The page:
Gameplay Score: 7/10

Sweet dreams

Being set in a universe of dreams, vivid styles and imaginative designs are to be expected. This is something Nights Into Dreams gloriously delivers upon, with remarkable landscapes in the form of snowy mountains, thick jungles, construction sites, and a house of illusions just to name a few. Further enhancing these places is the amount of content they each hold, such as the peaks including slopes to slide downward, the wildernesses having trees and ruins to interact with, and a bunch of other things to witness, providing a gorgeous assortment of sights to behold in this world.

Unfortunately, there are three stages set in a forest and one in a jungle, making them feel quite similar in tone. They do have different adaptations, with even one being a strange recreation of one of the first levels, but it sadly presents a case of deja vu when there are only seven locations to visit in total. Still, with the number of manifold set pieces, colourful textures, and bewitching backgrounds, there is a ton of elements to admire here. Even the construction site goes from exploring caves to being pushed around by an elevator, which is as tense as it sounds. The bosses especially deserve a mention due to their creative takes on familiar creatures, like a clown bouncing around or a surreal fishy dragon, all of them taking place in hypnotic surroundings that are just bizarre.

Every motion is accompanied by wonderful effects, be it hearing the wind reacting to Nights flying at a high acceleration or the unique chimes from going through rings and collecting trinkets that will alter depending on your combo! It is all beautiful and satisfying to create, with the ambient audio of trains driving, kids chatting, and equivalent ones, adding to the comfortable atmosphere this game wishes to provide its player with.

The music is something I find incredibly hard to summarize as it includes a magnificent variety of pieces and genres that are all uplifting, such as orchestral and jazz! Every melody possesses diverse buildups and notes, with the instruments utilized being just as outstanding. Flutes, piano, and trumpets, all have distinct emotions attached to them that fit the respective areas they are being played in, with the forest containing a more mysterious vibe due to lower tones being a favourite example of mine.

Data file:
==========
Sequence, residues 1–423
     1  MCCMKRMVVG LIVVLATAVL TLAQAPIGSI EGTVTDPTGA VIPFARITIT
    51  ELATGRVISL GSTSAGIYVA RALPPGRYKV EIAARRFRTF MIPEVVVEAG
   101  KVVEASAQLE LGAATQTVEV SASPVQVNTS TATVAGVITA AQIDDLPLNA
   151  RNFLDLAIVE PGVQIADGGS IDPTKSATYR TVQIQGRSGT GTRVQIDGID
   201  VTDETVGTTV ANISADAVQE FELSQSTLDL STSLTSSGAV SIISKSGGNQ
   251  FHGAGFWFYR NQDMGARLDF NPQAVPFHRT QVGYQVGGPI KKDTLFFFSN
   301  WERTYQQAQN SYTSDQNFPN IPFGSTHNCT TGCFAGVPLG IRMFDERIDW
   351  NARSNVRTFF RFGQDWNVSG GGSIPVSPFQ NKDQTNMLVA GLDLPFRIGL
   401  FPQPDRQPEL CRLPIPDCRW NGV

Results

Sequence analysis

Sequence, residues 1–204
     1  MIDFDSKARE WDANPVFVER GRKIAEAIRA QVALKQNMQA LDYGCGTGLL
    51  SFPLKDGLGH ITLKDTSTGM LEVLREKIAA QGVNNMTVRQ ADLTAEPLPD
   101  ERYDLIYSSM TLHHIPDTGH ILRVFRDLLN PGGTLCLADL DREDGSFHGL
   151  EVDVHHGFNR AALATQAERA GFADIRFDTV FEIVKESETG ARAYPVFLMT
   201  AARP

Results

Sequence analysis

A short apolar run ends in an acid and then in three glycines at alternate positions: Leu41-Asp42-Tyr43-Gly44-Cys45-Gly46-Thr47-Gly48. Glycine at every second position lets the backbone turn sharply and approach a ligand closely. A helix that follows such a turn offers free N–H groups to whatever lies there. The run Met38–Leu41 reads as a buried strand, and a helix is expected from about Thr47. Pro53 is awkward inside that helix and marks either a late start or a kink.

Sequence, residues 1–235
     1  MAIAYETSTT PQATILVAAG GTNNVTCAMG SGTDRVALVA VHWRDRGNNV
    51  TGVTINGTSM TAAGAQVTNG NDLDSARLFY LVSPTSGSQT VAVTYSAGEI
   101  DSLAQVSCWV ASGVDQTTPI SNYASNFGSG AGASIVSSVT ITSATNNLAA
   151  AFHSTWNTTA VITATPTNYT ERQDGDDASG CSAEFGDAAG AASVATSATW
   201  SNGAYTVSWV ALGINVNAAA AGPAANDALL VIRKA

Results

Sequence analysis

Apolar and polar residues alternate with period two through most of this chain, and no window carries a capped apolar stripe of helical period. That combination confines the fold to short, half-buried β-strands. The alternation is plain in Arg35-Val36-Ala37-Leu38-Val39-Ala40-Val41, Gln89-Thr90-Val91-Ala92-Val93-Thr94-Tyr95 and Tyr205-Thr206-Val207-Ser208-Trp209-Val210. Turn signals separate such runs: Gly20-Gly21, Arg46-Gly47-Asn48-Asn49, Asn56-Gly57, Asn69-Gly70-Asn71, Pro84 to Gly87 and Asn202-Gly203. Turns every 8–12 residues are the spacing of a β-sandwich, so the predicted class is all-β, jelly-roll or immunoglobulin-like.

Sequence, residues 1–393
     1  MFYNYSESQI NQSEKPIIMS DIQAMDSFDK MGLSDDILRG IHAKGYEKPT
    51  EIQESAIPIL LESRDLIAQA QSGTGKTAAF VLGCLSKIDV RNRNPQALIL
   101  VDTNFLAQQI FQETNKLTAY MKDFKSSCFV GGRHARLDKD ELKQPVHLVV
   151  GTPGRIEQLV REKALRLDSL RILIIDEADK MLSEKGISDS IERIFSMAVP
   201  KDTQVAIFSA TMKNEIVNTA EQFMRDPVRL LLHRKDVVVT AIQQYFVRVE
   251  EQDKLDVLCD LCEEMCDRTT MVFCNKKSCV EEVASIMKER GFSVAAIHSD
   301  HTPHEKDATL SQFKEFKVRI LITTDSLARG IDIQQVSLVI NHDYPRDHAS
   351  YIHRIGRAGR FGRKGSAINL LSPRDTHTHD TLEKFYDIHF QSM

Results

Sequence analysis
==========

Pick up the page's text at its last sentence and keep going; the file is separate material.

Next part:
However, all of the compositions have a bombastic amount of rhythms thanks to amazing drums, with the only exception being the main theme, as it is calm and touching with heartwarming vocals! Even this one gets remade versions of in the plenty that focuses on making the atmosphere exhilarate alongside this project’s overall pace. Finally, the boss fights come with their own tense tracks to showcase how dangerous they are and are all memorable. To put it short; the developers absolutely captured the magic of being trapped in a wonderland.

Presentation Score: 9/10

Worth visiting on special occasions

Finishing both stories rewards you with a secret ending cutscene, though simply playing the levels alone gives a fantastic adrenaline rush! Leaderboards in the HD edition do help too, but getting high ranks is quite the task and will require tons of attempts, making it an exciting challenge to take on in itself! Speaking of this adaptation, you can choose to play through the campaigns in either classic mode or remastered. The latter provides widescreen, smoother models, and general updates to the presentation, with the former being true to its original look. Besides the stunning polish, I also intend to choose the modern take for the additional cute unlockables that include some cosmetic changes depending on when you play this instalment!

Although, the Nightopian collection that showcases how many of them you found is merely there with no real reason other than bragging rights. Exploration could be argued for making this a neat form of replay value, but the stages do not contain grand enough layouts for this to be anything to write home about. I also do miss the minor multiplayer function from the Saturn edition that had you fighting one on one, but it is not a big loss due to the core focus of this project being on blasting through and beating your own score! I just wish the rest of the options were similarly entertaining.

Extra Score: 7/10


I can definitely see why Nights Into Dreams turned into a cult classic, as it is an admirable arcade title with tons of variety and creativity to offer, both in its presentation and its levels’ structures. Yet, it is also simple to pick up and play, while also providing a satisfying difficulty for anyone getting sucked in. It can feel light on content and only perfecting my runs where my cup of tea, but the core design is thrilling and always a delight to revisit, even if the controls could have been smoother. An immersive game for anyone enjoying the idea of soaring through imaginative landscapes at high speed, and is certainly worth spending an evening on.


Published by slionr

A guy who likes to talk about video games and loves tabletop gaming. Writer for, you can always follow me on twitter @GSlionr if you ever want the latest article from me :)